In the race for state Senate in the Hampden District, Sen. Jim Welch, D-West Springfield, at one point faced four challengers. Now he is down to one: Amaad Rivera, a former Springfield city councilor. Both candidates are Democrats. Rivera is making the case that he is the more progressive one.
"Any Democrat is vulnerable when they have a record that doesn't match their district," Rivera said.
Welch said he is running on his record. "Some people call me progressive, some call me liberal, some call me moderate," Welch said. "I never bought into labeling myself."
Originally the race was more crowded. In addition to Rivera, Springfield City Councilor Adam Gomez and Giselle Vizcarrondo were running as Democrats while Lorenzo Gaines took out papers to run as unenrolled.
In March, Vizcarrondo dropped out, citing the need to care for her son. She endorsed Rivera. She said in an interview that Rivera is accessible, born and raised in Springfield and "able to listen to the community and articulate for us."
Giselle Vizcarrondo drops out of Hampden District Senate race

Vizcarrondo and Gaines are the parents of a 5-year-old boy who nearly drowned in a camp pool last summer. 
Gaines never turned in his signatures. "I felt with the quality of candidates, with Amaad and other folks, my goal was accomplished ... that my vision and some of the things important to me will take place," Gaines said. He has not officially endorsed another candidate.
Gomez dropped out of the race May 1. He has not decided whether to endorse.
Despite the difficulties of challenging an incumbent, Rivera has gotten support. Former Massachusetts Democratic Party Chairman John Walsh recently endorsed him. 
Walsh described Rivera as more aggressive than Welch. "Western Massachusetts is not treated fairly (on Beacon Hill)," Walsh said. "You need a person like Amaad Rivera in the Senate who's going to stand up and fight hard every day and maybe sometimes be a pain in the neck."
Walsh said he has no problem with Welch, but feels Rivera would be "a more aggressive advocate."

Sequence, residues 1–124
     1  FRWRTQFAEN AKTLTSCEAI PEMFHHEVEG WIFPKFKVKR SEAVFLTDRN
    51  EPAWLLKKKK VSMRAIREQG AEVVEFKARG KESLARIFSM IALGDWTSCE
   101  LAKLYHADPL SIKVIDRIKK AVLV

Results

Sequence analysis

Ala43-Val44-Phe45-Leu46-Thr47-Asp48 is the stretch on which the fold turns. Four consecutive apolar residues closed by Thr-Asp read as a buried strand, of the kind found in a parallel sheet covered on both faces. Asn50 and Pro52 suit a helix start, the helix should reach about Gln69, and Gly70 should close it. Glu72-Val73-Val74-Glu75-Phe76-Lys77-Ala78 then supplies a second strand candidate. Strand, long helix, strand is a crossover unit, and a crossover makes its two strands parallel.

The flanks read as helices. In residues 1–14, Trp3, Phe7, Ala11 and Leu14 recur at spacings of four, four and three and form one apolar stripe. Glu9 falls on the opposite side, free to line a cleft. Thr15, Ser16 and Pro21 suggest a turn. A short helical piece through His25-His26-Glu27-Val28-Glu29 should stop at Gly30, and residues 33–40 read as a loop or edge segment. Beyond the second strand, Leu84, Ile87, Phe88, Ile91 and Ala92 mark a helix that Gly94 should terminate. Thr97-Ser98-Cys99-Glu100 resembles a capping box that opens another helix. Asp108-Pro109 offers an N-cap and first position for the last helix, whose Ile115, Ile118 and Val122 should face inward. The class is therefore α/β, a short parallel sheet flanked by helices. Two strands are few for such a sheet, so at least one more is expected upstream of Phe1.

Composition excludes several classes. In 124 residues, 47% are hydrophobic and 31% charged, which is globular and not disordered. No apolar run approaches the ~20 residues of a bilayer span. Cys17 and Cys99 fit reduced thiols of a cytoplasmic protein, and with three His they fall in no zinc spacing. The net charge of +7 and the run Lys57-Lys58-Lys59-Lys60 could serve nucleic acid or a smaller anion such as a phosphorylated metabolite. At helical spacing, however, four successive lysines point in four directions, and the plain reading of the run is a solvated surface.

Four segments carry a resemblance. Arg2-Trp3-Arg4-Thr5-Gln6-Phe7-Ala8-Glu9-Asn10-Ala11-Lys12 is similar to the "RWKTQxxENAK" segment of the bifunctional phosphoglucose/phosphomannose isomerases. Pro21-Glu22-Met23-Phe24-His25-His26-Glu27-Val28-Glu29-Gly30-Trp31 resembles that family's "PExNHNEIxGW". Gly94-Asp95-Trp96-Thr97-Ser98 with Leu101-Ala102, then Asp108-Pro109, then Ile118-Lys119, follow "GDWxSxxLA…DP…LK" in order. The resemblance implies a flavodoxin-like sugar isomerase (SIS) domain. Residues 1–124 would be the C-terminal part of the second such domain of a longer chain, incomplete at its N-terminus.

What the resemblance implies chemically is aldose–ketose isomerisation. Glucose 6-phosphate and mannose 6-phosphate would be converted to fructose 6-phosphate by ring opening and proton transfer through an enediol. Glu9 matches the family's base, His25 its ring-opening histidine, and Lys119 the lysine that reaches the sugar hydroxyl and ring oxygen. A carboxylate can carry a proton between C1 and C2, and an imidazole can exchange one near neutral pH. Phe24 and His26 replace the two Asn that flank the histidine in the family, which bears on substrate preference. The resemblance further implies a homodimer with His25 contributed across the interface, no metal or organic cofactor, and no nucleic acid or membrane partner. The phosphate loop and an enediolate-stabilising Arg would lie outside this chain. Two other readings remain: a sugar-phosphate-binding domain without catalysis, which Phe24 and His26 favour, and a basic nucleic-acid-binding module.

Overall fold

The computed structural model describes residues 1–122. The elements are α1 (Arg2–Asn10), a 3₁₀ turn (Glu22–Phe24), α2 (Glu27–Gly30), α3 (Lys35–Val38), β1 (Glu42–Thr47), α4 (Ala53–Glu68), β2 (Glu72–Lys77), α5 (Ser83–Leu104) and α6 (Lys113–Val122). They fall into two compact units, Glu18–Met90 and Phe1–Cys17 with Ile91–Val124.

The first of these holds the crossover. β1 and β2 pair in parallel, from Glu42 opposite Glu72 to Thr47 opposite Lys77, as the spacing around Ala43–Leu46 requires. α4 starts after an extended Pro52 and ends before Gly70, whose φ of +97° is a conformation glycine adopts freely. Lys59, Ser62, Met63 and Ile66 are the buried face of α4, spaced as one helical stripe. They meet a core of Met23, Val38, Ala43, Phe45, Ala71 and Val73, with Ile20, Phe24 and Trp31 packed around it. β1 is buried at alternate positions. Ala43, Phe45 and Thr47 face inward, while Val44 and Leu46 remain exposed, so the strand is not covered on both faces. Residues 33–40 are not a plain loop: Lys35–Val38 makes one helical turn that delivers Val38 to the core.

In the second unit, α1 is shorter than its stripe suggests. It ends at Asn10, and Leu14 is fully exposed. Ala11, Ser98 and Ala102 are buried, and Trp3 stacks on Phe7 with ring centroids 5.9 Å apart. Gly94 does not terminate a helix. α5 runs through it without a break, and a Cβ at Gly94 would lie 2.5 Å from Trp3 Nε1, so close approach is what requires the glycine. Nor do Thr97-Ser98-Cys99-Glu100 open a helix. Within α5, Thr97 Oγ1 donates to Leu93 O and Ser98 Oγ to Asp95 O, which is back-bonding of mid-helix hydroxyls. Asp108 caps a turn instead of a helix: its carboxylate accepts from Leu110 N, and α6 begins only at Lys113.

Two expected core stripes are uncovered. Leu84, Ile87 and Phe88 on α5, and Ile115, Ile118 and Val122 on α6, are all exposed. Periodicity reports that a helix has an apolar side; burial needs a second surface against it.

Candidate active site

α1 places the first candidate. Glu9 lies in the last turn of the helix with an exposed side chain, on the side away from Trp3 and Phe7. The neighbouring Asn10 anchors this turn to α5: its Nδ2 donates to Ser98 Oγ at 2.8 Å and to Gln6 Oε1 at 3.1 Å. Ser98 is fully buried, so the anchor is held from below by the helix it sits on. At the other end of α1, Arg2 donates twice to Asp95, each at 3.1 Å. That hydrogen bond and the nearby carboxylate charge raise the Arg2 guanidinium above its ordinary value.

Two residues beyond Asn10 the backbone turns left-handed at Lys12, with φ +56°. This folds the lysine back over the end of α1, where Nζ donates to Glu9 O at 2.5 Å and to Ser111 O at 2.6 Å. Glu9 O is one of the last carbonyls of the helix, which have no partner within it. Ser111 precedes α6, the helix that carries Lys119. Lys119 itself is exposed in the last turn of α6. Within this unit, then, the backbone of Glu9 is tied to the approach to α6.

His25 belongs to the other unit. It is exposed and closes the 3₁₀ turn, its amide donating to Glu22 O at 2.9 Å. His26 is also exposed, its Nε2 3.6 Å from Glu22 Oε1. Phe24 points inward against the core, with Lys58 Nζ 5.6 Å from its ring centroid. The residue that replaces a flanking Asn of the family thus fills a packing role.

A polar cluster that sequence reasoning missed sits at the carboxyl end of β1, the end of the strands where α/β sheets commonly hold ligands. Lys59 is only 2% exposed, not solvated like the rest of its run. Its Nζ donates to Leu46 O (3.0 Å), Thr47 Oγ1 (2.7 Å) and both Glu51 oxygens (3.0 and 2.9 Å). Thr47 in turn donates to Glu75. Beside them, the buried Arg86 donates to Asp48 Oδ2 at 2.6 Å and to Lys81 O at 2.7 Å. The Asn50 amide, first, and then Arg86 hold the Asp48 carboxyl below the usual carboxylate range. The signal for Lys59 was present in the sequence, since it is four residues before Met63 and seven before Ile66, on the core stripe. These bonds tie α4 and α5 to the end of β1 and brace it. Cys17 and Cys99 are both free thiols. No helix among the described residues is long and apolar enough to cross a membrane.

"It's not choosing between a good option and a bad option but maybe between a good option and a better option," Walsh said.
Rivera has support from New Politics, an organization founded to help new political candidates.
Welch has support from former Massachusetts Democratic Party Chairman Thomas McGee, Springfield Mayor Domenic Sarno, 1199SEIU and the Professional Firefighters of Massachusetts. The health care workers union, 1199SEIU, has been a strong organizing force in Massachusetts. 
Tim Foley, executive director of 1199SEIU, said Welch "is a longtime healthcare champion, advocating for policies that increase access to quality care and improve the lives of workers in this crucial industry." 
Welch entered 2018 with $42,900 in his campaign account. Rivera formed a fundraising committee in March. Neither candidate has to report fundraising numbers until August.
Welch said he is not worried about Walsh endorsing Rivera. "I didn't put much stake into it because he's not from around here. I tend to focus on people in the district and who know the district and know me," Welch said.
Rivera has worked as director of housing policy for the Massachusetts Commission Against Discrimination, directed a small business program at Babson College and was a policy adviser to U.S. Sen. Ed Markey, a Massachusetts Democrat.